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Managing Industrial and Organisational Lockdown

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23.05.2019, 18:29

Managing Industrial and Organisational Lockdown

While most organisations have a procedure in place should a fire occur, very few – with the exception of schools and a some hospitals, have a similar protocol for emergency situation. Time management specialists Bodet consider the measures businesses must take to remedy this situation.


In this modern age we all expect to be safe whilst we are at work. Employers have a duty of care to do whatever is reasonably practicable to protect the health, safety and welfare of their employees and visitors whilst on their premises. 

In the United Kingdom, The Health and Safety at Work etc Act 1974 addresses most of the risks that we may incur while carrying out our daily tasks. Whilst this covers a wide range of hazards, there are unforeseen circumstances which require staff and visitors to take more extreme action. The usual hazard that comes to mind is fire, and factories and offices should have an effective fire policy and an alarm system installed to inform those within the building to evacuate immediately.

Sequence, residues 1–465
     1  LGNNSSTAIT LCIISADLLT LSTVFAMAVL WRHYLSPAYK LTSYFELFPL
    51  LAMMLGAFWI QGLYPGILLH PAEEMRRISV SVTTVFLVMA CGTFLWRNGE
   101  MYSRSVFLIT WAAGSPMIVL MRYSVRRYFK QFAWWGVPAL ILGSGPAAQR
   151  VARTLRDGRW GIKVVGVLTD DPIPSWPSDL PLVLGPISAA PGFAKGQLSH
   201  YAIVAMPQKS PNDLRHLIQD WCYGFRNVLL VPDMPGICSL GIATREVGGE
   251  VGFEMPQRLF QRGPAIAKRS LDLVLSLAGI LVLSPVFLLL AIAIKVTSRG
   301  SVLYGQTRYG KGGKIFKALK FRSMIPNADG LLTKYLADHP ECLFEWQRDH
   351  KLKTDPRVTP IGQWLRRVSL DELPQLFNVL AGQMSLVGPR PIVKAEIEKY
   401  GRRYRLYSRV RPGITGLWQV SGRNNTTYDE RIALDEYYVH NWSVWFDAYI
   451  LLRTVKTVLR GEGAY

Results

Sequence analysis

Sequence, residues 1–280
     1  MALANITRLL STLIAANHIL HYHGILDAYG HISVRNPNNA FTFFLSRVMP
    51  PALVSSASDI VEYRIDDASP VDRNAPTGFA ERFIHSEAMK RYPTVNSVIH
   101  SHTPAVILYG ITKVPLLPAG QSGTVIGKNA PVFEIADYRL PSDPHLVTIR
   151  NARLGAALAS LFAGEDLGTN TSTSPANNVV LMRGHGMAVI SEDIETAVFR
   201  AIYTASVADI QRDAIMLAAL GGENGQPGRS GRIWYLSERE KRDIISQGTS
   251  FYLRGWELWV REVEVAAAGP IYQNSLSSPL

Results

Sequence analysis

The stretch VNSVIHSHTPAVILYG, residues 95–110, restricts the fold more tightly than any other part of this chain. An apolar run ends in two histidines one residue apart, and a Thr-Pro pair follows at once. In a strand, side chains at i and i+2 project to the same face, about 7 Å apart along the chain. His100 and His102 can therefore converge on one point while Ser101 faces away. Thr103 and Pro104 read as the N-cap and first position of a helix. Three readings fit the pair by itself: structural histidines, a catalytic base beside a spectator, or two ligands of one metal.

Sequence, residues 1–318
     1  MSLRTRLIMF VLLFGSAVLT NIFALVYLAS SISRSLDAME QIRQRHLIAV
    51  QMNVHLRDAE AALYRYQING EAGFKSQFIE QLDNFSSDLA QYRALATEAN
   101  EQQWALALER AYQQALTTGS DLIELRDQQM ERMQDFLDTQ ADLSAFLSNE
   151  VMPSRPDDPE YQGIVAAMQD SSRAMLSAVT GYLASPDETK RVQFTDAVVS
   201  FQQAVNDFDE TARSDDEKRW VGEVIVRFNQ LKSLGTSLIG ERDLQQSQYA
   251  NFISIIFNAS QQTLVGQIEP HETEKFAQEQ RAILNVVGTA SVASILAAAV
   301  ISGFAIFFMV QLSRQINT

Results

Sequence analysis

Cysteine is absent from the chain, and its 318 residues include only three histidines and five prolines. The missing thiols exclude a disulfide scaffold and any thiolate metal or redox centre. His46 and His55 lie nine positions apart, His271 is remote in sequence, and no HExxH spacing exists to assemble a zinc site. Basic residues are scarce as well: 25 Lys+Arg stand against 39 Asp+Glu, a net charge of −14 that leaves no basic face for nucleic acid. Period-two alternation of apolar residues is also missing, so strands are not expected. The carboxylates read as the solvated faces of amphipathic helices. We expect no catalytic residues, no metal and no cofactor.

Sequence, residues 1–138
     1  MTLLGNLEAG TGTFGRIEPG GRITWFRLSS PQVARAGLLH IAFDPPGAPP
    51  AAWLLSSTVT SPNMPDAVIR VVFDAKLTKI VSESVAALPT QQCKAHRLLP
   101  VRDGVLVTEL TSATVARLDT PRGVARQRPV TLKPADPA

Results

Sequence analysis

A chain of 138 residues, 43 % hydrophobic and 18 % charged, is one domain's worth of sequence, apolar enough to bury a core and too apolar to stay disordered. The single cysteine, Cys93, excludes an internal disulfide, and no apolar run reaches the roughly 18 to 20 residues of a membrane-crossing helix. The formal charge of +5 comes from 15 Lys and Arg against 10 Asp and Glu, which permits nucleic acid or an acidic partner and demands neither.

However, in this modern age there are circumstances in which evacuation is the wrong course of action and could lead staff and visitors into greater danger than if they remained securely within the building. This is usually referred to as a lockdown situation.

What is lockdown

A lockdown is a precautionary emergency protocol; a sensible and proportionate response to any external or internal incident which has the potential to pose a threat to the safety of staff and visitors. A partial lockdown is a response to an impending threat and usually means that doors leading outside are locked to prevent people entering or leaving. A full lockdown should be enacted when the threat is imminent or more extreme. It takes the response a stage further ensuring that nobody should enter or leave a building, and all occupants should go to the nearest safe, enclosed room, keep away from windows and remain quiet.